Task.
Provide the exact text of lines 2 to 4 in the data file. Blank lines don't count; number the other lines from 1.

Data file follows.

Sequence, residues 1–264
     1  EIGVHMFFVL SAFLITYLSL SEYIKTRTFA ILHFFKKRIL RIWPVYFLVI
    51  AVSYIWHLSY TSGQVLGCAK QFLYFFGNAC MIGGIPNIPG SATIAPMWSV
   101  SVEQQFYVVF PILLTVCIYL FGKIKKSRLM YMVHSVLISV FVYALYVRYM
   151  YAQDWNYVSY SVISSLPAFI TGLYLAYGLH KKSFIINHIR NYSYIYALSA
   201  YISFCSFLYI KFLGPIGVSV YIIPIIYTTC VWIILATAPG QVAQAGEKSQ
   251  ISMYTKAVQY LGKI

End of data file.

     1  EIGVHMFFVL SAFLITYLSL SEYIKTRTFA ILHFFKKRIL RIWPVYFLVI
    51  AVSYIWHLSY TSGQVLGCAK QFLYFFGNAC MIGGIPNIPG SATIAPMWSV
   101  SVEQQFYVVF PILLTVCIYL FGKIKKSRLM YMVHSVLISV FVYALYVRYM